5.Respondent’s Evidence.Respondent presented no evidence.
CONCLUSIONS OF LAW AND DECISION
The Commission has jurisdiction to hear this appeal and correct any assessment which is shown to be unlawful, unfair, arbitrary or capricious.The hearing officer shall issue a decision and order affirming, modifying or reversing the determination of the board of equalization, and correcting any assessment which is unlawful, unfair, improper, arbitrary, or capricious.
Basis of Assessment
The Constitution mandates that real property and tangible personal property be assessed at its value or such percentage of its value as may be fixed by law for each class and for each subclass.The constitutional mandate is to find the true value in money for the property under appeal. By statute real and tangible personal property is assessed at set percentages of true value in money.In an overvaluation appeal, true value in money for the property being appealed must be determined based upon the evidence on the record that is probative on the issue of the fair market value of the property under appeal.
Standard for Valuation
Section 137.115, RSMo, requires that property be assessed based upon its true value in money which is defined as the price a property would bring when offered for sale by one willing or desirous to sell and bought by one who is willing or desirous to purchase but who is not compelled to do so.True value in money is defined in terms of value in exchange and not value in use.It is the fair market value of the subject property on the valuation date.Market value is the most probable price in terms of money which a property should bring in competitive and open market under all conditions requisite to a fair sale, the buyer and seller, each acting prudently, knowledgeable and assuming the price is not affected by undue stimulus.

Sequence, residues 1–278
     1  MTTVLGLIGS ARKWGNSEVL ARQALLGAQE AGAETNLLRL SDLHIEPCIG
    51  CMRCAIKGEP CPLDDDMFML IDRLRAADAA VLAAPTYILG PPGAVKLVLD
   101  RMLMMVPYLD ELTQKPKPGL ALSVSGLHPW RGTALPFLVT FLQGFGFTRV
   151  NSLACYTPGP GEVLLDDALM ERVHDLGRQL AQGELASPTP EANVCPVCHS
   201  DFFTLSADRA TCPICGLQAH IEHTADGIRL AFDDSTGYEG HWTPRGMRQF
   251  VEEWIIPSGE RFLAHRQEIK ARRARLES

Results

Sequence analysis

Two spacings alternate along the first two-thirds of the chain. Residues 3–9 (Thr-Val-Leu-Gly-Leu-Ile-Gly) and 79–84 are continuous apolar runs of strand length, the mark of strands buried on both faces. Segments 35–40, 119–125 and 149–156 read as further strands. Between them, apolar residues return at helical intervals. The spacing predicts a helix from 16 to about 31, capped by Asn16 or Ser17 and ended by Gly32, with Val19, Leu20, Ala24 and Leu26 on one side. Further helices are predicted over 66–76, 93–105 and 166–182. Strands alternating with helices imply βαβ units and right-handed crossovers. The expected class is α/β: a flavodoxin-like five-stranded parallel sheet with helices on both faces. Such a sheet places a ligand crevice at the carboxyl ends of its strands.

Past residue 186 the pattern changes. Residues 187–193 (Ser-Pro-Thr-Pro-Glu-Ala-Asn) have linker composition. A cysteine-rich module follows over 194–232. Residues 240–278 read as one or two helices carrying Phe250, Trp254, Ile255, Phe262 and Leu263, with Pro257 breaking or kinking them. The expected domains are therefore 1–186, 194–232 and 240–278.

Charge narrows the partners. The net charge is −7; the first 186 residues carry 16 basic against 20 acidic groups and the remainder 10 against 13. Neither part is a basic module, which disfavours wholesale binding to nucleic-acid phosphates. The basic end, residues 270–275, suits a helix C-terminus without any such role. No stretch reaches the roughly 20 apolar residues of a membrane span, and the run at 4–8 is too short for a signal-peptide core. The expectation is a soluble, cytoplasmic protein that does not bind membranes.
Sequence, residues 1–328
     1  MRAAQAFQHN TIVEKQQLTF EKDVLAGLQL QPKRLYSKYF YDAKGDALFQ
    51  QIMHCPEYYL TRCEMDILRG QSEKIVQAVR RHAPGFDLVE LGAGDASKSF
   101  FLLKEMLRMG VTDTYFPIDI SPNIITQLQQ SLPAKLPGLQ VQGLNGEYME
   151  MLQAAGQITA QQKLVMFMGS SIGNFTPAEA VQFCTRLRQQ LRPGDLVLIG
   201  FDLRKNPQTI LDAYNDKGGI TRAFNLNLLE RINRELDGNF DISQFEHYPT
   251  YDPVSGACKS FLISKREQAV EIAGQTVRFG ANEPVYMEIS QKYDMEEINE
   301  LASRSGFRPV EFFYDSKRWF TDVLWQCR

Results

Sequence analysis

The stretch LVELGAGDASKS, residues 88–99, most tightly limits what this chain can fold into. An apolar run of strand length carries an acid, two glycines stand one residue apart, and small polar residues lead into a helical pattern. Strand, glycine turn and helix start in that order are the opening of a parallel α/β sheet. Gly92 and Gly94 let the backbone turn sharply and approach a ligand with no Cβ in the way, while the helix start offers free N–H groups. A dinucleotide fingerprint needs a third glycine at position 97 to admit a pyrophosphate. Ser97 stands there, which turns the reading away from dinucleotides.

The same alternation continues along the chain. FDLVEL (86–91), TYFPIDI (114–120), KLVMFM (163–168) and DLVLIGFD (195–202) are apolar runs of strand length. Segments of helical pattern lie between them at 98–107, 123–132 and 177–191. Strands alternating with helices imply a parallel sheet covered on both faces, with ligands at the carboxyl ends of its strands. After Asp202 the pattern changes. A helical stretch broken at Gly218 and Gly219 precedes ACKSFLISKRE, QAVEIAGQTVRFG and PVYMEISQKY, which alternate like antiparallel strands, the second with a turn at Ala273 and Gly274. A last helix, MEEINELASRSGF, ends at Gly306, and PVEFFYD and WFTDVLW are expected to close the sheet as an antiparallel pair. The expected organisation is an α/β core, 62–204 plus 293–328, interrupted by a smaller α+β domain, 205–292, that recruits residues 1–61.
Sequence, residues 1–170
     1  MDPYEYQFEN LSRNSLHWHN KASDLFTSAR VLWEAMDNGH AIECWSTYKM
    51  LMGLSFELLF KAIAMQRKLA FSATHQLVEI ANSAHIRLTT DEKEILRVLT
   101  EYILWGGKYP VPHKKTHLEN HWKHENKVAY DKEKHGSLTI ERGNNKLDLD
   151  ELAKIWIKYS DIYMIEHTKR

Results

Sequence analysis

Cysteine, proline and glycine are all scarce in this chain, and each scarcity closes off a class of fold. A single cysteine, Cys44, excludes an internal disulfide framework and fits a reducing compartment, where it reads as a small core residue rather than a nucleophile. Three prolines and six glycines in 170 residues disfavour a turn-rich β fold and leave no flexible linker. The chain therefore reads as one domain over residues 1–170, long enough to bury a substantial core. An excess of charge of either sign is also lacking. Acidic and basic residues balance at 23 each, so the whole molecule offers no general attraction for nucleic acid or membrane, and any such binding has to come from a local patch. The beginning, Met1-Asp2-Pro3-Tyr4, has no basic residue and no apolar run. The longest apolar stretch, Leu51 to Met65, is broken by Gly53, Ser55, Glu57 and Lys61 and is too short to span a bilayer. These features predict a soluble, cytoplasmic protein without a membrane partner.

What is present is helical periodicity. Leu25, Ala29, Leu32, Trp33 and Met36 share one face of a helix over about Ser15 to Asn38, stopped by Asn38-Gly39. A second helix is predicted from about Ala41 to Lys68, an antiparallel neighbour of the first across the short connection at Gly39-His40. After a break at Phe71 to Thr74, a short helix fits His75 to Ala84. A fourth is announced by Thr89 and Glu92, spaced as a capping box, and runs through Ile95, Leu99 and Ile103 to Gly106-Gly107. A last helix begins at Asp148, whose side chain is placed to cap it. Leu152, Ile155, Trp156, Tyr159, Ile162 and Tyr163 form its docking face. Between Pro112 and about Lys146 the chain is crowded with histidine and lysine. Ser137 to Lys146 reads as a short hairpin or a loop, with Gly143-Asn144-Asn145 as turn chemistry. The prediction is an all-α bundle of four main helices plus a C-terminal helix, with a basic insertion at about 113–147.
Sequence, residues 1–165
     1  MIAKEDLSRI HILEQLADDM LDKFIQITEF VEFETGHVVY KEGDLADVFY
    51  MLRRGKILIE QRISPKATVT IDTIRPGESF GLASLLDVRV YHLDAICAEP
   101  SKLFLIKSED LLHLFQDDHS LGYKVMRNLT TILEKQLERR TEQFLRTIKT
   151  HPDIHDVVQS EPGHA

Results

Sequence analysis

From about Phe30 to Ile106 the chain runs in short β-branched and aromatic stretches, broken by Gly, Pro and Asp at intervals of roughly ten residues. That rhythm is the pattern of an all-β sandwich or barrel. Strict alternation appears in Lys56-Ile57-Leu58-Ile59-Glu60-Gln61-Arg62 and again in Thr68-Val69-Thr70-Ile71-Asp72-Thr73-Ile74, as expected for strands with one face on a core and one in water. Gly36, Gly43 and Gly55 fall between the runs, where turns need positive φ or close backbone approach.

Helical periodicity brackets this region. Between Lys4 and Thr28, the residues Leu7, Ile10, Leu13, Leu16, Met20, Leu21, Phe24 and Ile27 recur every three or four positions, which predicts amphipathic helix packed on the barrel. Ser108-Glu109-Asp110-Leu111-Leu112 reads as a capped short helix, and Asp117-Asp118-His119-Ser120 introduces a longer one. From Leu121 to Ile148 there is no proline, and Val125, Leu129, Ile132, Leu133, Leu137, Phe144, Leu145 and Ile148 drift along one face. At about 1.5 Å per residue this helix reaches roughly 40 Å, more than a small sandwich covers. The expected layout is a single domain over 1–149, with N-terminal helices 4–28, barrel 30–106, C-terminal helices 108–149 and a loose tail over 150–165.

Implicit in this definition are the consummation of a sale as of a specific date and the passing of title from seller to buyer under conditions whereby:
1.Buyer and seller are typically motivated.
2.Both parties are well informed and well advised, and both acting in what they consider their own best interests.
3.A reasonable time is allowed for exposure in the open market.
4.Payment is made in cash or its equivalent.
5.Financing, if any, is on terms generally available in the Community at the specified date and typical for the property type in its locale.
6.The price represents a normal consideration for the property sold unaffected by special financing amounts and/or terms, services, fees, costs, or credits incurred in the transaction.
Methods of Valuation